In the previous post, we looked at how we as followers of Jesus need to understand the Book of Leviticus in order to fully appreciate all that Christ’s sacrifice accomplished for us. Over the next two posts, I will focus in on the most unique sacrifice described in the Book of Leviticus, and suggest how God can use it to help us deal with the lingering presence of sin in our own lives today.
The first 15 chapters of the Book of Leviticus go on in thorough detail about the sacrificial system that God provided for the people to be able to deal with their sin and uncleanness. Then we turn to chapter 16, and we encounter a completely different kind of sacrifice: the Lord called for an annual Day of Atonement.
The Day of Atonement sacrifice was special. There was no other sacrifice like this one…
Leviticus 16:6-10 –
6 “Aaron is to offer the bull for his own sin offering to make atonement for himself and his household. 7 Then he is to take the two goats and present them before the Lord at the entrance to the tent of meeting. 8 He is to cast lots for the two goats—one lot for the Lord and the other for the scapegoat. 9 Aaron shall bring the goat whose lot falls to the Lord and sacrifice it for a sin offering. 10 But the goat chosen by lot as the scapegoat shall be presented alive before the Lord to be used for making atonement by sending it into the wilderness as a scapegoat.
This annual Day of Atonement sacrifice was a two-stage sacrifice. The first stage was quite common – it follows the pattern/style of many of the other sacrificial rituals detailed in Leviticus 1-15:
- present a bull and a goat to God, both without defect.
- Kill the two animals, sprinkle their blood in certain places in certain ways,
- burn and dispose of their organs and hide in certain ways –
- it’s a pretty standard/typical Levitical sacrifice up to this point.
The second stage, though, is quite unique. And this is the portion of the Scripture that we will focus on today. There is a bull and two goats involved in the Day of Atonement sacrifice. The bull and the first goat are killed and offered sacrificially. The second goat, though, is dealt with in a very different way…
Leviticus 16:20-22 –
20 “When Aaron has finished making atonement for the Most Holy Place, the tent of meeting and the altar, he shall bring forward the live goat. 21 He is to lay both hands on the head of the live goat and confess over it all the wickedness and rebellion of the Israelites—all their sins—and put them on the goat’s head. He shall send the goat away into the wilderness in the care of someone appointed for the task. 22 The goat will carry on itself all their sins to a remote place; and the man shall release it in the wilderness.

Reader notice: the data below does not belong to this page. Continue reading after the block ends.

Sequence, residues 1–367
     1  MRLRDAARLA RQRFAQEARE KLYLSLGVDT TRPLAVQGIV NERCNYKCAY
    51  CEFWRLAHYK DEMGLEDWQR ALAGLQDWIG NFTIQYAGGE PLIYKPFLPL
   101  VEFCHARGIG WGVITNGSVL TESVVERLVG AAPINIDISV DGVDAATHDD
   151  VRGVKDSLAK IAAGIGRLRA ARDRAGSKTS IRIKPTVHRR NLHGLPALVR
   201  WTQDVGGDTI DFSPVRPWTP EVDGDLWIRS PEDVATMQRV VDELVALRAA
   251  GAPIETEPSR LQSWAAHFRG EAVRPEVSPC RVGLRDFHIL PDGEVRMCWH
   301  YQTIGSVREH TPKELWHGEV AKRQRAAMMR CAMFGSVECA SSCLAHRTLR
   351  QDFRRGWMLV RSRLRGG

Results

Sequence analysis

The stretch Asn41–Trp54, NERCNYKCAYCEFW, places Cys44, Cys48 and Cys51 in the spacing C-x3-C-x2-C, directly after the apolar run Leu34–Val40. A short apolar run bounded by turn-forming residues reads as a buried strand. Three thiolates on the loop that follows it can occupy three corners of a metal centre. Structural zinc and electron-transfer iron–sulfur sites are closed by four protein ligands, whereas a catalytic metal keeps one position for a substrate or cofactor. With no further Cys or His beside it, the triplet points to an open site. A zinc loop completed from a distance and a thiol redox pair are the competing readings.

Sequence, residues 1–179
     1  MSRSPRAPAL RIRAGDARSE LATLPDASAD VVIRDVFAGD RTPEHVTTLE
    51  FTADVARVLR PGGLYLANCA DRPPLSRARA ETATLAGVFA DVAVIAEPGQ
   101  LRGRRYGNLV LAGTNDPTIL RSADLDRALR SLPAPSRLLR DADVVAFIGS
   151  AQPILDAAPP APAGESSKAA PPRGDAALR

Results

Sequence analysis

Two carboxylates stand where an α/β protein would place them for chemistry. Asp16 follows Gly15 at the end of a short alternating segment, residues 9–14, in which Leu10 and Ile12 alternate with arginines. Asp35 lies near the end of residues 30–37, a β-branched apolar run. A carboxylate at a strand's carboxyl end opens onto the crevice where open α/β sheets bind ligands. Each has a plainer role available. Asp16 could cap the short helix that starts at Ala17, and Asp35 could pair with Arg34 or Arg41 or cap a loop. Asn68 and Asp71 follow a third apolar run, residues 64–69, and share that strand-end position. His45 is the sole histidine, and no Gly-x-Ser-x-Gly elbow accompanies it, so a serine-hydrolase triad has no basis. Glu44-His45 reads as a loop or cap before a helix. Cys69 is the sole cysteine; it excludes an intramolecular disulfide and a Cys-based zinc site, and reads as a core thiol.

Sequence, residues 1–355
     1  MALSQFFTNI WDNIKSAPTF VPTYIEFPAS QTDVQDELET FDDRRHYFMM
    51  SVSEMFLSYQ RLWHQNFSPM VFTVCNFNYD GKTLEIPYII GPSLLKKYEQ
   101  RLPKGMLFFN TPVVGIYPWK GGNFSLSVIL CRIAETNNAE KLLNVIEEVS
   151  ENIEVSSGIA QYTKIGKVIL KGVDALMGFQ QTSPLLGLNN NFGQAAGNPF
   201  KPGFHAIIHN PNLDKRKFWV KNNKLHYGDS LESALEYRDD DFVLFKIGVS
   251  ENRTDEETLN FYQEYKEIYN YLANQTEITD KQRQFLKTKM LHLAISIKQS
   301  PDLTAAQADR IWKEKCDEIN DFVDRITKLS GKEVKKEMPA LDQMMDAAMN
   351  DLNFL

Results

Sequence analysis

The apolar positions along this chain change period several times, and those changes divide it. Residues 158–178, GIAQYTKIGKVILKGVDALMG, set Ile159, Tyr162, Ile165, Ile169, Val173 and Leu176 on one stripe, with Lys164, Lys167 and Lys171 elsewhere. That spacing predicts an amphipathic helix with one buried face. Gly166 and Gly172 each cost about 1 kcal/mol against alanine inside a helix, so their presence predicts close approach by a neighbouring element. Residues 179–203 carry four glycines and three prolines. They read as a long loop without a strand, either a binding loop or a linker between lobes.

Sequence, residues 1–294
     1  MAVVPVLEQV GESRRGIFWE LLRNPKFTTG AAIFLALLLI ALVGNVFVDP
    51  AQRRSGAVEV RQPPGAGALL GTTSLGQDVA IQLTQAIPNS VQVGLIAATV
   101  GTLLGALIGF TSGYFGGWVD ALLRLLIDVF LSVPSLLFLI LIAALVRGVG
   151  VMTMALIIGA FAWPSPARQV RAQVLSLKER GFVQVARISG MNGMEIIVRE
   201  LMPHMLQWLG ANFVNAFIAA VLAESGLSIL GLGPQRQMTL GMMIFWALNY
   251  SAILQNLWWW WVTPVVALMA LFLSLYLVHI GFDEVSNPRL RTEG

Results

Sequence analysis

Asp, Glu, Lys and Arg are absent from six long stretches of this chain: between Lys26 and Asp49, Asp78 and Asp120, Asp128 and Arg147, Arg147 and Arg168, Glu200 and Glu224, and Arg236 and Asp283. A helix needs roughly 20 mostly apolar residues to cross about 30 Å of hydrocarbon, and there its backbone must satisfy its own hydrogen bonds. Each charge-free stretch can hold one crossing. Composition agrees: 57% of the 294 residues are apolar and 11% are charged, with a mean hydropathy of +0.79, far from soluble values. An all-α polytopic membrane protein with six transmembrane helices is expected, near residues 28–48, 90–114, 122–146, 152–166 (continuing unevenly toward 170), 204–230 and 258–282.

We’re going to focus in here on the scapegoat, but before we do, let’s skip ahead to the end of the chapter to see what this entire two-stage offering actually accomplished for the nation of Israel.
Leviticus 16:30 & 34 –
30 because on this day, atonement will be made for you, to cleanse you. Then, before the Lord, you will be clean from all your sins… 34 This is to be a lasting ordinance for you: Atonement is to be made once a year for all the sins of the Israelites.
The outcome of this two-stage offering was atonement for the entire nation. For one day each year, the entire nation of Israel would be clean in the eyes of God, their sins paid for and removed from them. That’s the importance of the annual Day of Atonement for the people of God. This is a major deal to Israel – it was their most sacred and special day of the year!
There is a model here for dealing with both our sin (nature) and our sins (acts of disobedience) that we can learn from our Jewish forefathers: sin must be killed and sins must be driven away.
It’s not enough just to kill sin. Even when something is dead, we can still cherish it and keep it close by to comfort us and remind us of the good times we had together.
- We taxidermy our hunting triumphs.
- Some people bury their dead pets in their back yard.
- We bury our loved ones in graves that we can go visit,
- or we put their ashes in an urn that we can see.
I’m not making light of death; what I am saying is that it is not enough for our sin to be dead. We often cherish and hang on to our dearly departed. Even in death, we can still cling to our sin, and give it a sort of resurrection by our longing affection for it. No, sin cannot just be killed, its effects must also be driven away.
In part 2 of this series, I will describe a modern day appropriation of this The Day of Atonement “scapegoat”, and I will connect it to the responsibility that we have as followers of Jesus to participate with Christ in the “driving away” of our sins…